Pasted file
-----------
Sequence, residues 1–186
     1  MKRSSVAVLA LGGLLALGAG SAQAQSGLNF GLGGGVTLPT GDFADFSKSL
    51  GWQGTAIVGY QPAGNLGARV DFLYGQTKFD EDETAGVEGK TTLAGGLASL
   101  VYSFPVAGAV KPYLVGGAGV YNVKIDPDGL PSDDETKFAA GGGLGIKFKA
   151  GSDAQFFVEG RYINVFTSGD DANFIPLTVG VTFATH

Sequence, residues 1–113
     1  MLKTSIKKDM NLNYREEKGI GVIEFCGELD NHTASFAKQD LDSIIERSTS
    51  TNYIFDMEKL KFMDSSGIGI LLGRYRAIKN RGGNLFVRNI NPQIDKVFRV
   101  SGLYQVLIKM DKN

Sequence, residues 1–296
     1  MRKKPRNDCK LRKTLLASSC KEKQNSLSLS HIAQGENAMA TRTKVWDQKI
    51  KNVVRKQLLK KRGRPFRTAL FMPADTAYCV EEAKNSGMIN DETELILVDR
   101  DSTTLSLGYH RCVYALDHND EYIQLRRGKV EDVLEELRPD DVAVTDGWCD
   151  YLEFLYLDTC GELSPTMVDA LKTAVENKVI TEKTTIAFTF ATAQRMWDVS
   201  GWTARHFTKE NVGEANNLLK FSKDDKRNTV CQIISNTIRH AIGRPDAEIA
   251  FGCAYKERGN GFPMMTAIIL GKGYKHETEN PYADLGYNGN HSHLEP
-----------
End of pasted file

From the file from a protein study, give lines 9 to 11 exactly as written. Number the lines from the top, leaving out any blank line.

   101  SGLYQVLIKM DKN

Sequence, residues 1–296
     1  MRKKPRNDCK LRKTLLASSC KEKQNSLSLS HIAQGENAMA TRTKVWDQKI